The Gettysburg Address in English Class: An ‘Exemplar’ of Common Core’s Attack On Diverse Learners


  • Zachary A. Casey Rhodes College


Common Core State Standards, Multicultural Education, Funds of Knowledge, Culturally Relevant Pedagogy, Standards


This article analyzes the Common Core lesson “A Close Reading of Lincoln’s Gettysburg Address: A Common Core Unit” to interrogate the ways in which tensions emerge between the lesson and the research literature on funds of knowledge, multicultural education, and culturally relevant pedagogy.  As this lesson is depicted as an “exemplar” that textbook authors, teachers, and curriculum makers should seek to emulate, I show examples of how this lesson undermines critical research on teaching and learning with diverse learners.  I conclude with implications for both practicing P-12 teachers and curricular researchers as we continue to struggle and carve out practices of resistance in the era of Common Core.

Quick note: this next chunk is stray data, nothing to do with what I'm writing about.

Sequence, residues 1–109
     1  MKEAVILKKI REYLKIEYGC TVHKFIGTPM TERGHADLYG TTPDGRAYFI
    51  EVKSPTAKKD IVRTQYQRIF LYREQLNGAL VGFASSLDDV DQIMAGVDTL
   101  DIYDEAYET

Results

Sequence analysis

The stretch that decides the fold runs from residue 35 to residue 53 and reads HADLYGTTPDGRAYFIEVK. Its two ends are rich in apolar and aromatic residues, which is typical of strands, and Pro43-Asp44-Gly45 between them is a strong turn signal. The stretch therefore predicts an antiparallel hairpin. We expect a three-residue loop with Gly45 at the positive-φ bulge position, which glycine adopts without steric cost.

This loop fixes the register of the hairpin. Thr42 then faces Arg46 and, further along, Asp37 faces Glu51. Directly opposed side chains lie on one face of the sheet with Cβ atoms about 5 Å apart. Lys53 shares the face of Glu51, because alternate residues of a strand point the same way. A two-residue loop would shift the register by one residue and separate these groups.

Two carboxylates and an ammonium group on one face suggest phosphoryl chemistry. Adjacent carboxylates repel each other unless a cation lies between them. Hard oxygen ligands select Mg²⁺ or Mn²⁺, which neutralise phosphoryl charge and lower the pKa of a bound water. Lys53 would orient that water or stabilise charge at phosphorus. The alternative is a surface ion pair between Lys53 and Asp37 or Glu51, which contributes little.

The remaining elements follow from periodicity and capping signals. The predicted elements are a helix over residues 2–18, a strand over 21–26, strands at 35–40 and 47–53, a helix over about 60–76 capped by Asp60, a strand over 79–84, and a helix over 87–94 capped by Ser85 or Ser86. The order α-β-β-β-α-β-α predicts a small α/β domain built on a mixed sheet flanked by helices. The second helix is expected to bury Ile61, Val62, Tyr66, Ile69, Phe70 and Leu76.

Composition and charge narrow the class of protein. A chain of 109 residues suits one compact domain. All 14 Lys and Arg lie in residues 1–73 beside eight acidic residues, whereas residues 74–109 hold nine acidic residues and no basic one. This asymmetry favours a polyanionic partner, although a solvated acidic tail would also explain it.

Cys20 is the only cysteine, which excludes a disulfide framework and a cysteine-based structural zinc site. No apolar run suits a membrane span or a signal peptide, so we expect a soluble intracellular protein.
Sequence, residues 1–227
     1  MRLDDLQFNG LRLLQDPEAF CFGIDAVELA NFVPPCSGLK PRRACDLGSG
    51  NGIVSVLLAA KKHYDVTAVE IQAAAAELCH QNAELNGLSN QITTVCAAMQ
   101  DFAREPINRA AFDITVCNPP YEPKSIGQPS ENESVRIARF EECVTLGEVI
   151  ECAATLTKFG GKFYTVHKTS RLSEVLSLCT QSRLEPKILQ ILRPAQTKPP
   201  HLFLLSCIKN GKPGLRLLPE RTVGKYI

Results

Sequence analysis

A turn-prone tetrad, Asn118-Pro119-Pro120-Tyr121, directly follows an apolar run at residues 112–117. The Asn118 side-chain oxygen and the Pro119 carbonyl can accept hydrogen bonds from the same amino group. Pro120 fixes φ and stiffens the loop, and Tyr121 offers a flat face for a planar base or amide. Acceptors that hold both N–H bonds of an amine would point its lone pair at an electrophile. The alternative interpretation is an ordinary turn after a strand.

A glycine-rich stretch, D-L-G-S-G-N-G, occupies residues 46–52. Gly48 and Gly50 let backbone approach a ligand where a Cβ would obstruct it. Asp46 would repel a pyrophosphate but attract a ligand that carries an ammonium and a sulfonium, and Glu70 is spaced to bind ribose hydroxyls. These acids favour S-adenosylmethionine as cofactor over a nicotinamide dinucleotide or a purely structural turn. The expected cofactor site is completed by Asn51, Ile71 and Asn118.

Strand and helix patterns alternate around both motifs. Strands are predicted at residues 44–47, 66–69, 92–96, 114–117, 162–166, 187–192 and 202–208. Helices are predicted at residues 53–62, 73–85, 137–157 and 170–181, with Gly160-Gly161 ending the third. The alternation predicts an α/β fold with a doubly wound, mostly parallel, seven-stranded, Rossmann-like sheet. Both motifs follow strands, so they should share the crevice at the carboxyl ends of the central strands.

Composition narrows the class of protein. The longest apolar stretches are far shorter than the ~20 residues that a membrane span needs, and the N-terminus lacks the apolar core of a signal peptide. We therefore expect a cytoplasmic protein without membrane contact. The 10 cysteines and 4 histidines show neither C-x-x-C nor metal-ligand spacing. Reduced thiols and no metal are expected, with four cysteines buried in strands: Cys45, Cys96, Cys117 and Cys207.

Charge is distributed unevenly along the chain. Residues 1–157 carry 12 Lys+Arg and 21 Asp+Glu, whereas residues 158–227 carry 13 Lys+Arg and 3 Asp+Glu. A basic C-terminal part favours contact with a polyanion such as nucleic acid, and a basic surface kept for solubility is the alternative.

Author Biography

Zachary A. Casey, Rhodes College

Dr. Zachary A. Casey is Assistant Professor of Educational Studies at Rhodes College in Memphis, TN.  His research focuses on the intersections of multicultural education, critical whiteness studies, teacher education, and critical pedagogy.  His work focuses on building critical racial literacy and antiracist pedagogies with practicing and future teachers, as well as the social, cultural, and philosophical contexts of education.